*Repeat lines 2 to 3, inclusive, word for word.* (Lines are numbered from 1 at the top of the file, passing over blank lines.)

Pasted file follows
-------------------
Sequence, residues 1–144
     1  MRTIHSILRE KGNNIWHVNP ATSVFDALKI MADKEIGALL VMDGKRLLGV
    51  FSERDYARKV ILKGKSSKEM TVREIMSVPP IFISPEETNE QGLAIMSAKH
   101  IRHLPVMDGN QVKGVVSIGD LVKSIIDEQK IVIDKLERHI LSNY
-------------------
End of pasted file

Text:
     1  MRTIHSILRE KGNNIWHVNP ATSVFDALKI MADKEIGALL VMDGKRLLGV
    51  FSERDYARKV ILKGKSSKEM TVREIMSVPP IFISPEETNE QGLAIMSAKH